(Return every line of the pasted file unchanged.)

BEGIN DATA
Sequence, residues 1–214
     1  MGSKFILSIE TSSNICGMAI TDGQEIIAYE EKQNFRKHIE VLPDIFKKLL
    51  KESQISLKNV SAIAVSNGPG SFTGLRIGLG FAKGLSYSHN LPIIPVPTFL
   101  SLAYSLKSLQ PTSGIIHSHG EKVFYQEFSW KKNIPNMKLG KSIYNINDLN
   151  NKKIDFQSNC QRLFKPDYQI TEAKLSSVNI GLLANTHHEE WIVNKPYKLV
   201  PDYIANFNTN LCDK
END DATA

Sequence, residues 1–214
     1  MGSKFILSIE TSSNICGMAI TDGQEIIAYE EKQNFRKHIE VLPDIFKKLL
    51  KESQISLKNV SAIAVSNGPG SFTGLRIGLG FAKGLSYSHN LPIIPVPTFL
   101  SLAYSLKSLQ PTSGIIHSHG EKVFYQEFSW KKNIPNMKLG KSIYNINDLN
   151  NKKIDFQSNC QRLFKPDYQI TEAKLSSVNI GLLANTHHEE WIVNKPYKLV
   201  PDYIANFNTN LCDK